Preparation, Practice and Execution: Business Lessons From Super Bowl LIV
The Covid-19 pandemic may wreak havoc on the 2020-2021 NFL season, causing many football fans who need a football fix to look back at the Kansas City Chiefs’ come-from-behind Super Bowl LIV victory. It certainly was one to remember. What’s interesting to business leaders is that it provides a model for victory in business, as well in sports and in life.
Every CEO knows that today’s million-dollar contract was won because of years of sweat, preparation, and investment when nobody was looking. Super Bowl LIV wasn’t won on Feb. 2, 2020. It was won over months and years because the team took the three steps necessary to build any successful organization: 1) preparation; 2) practice; 3) execution.
For example, Tyreek Hill’s 44-yard catch was a pivotal moment in the game. But if the team had just developed processes to get to the catch, they would have foundered – and we’d be writing about the San Francisco 49ers. Coach Andy Reid knew what CEOs know: that the big catch (or contract) is just an opportunity upon which a team (or business) must capitalize.
Counter-intuitively, the Chiefs’ Super Bowl victory began when they chose to win fewer games in the 2018 season. The Chiefs used that season to get the right people in place, prepare their individual and team development strategy, and look down the multi-year road to success.
The successful company continually identifies and tackles many opportunities simultaneously. One big strength is not enough to overcome several smaller deficiencies. If quarterback Patrick Mahomes’ terrific passes were met by fumbling receivers, the Chiefs would have been out in the first round of the playoffs – just ask Tom Brady. Running backs aren’t great if they don’t have a line to create holes, and receivers can’t catch bad throws.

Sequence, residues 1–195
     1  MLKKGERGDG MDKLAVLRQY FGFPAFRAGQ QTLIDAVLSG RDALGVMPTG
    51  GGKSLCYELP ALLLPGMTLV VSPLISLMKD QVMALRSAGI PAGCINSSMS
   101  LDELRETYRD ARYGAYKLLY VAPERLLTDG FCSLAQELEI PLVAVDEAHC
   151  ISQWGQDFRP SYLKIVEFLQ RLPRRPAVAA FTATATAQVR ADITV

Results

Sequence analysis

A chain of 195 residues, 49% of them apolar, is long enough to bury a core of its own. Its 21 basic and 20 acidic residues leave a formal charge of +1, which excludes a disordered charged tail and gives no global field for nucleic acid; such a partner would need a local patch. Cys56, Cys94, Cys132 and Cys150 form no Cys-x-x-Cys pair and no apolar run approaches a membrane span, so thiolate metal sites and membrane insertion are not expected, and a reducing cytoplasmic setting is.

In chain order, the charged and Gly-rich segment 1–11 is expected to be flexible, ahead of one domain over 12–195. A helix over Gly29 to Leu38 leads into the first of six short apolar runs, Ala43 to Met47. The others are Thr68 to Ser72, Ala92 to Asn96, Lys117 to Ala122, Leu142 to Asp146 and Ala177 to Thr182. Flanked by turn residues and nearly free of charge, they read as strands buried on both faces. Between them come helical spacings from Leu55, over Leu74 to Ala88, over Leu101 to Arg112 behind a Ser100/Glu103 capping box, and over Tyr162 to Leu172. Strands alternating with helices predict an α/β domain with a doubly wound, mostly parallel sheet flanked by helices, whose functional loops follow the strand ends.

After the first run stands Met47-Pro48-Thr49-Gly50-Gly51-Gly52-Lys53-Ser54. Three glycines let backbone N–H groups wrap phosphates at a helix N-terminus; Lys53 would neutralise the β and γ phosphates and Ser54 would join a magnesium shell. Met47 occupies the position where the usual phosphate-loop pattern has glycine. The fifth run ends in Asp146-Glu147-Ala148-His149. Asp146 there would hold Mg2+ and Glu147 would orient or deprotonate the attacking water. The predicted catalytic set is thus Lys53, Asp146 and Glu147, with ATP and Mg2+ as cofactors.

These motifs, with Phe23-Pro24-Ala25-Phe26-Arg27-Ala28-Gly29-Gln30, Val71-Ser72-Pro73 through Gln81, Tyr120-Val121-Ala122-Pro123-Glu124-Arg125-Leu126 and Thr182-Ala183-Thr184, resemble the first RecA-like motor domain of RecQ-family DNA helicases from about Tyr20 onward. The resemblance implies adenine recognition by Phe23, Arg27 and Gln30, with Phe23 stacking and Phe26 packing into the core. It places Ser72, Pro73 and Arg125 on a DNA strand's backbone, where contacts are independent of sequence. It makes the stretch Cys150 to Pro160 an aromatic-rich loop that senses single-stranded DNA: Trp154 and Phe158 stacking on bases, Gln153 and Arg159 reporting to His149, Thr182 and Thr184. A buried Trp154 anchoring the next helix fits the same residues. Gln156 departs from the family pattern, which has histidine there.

Let’s look at a homebuilder whose Super Bowl is crafting luxury homes for the rich and powerful on Martha’s Vineyard. This builder is likely to start small while they perfect their processes. He or she thoughtfully expands by hiring staff, investing in technologies, and seeking partnerships local specialists.
Imagine the freshly minted CPA. He or she starts as a solo practitioner, doggedly pursuing continuing education and integrating massive technology improvements into the practice. As the business grows, the CPA adds new staff to handle the increased workload. Over time, the leader’s education, technology, and savvy use of vendors and staff builds their reputation as the CPA of choice for big public companies whose every dollar is subject to the IRS microscope.
The principles are the same for the Chiefs, the accountant, and the builder. Before the first football was thrown and the first client was contacted, these “teams” had to ask:
· How well-defined are their goals and processes?
· Do they have the right people in the right seats?
· Are short-term decisions moving the ball towards the end zone?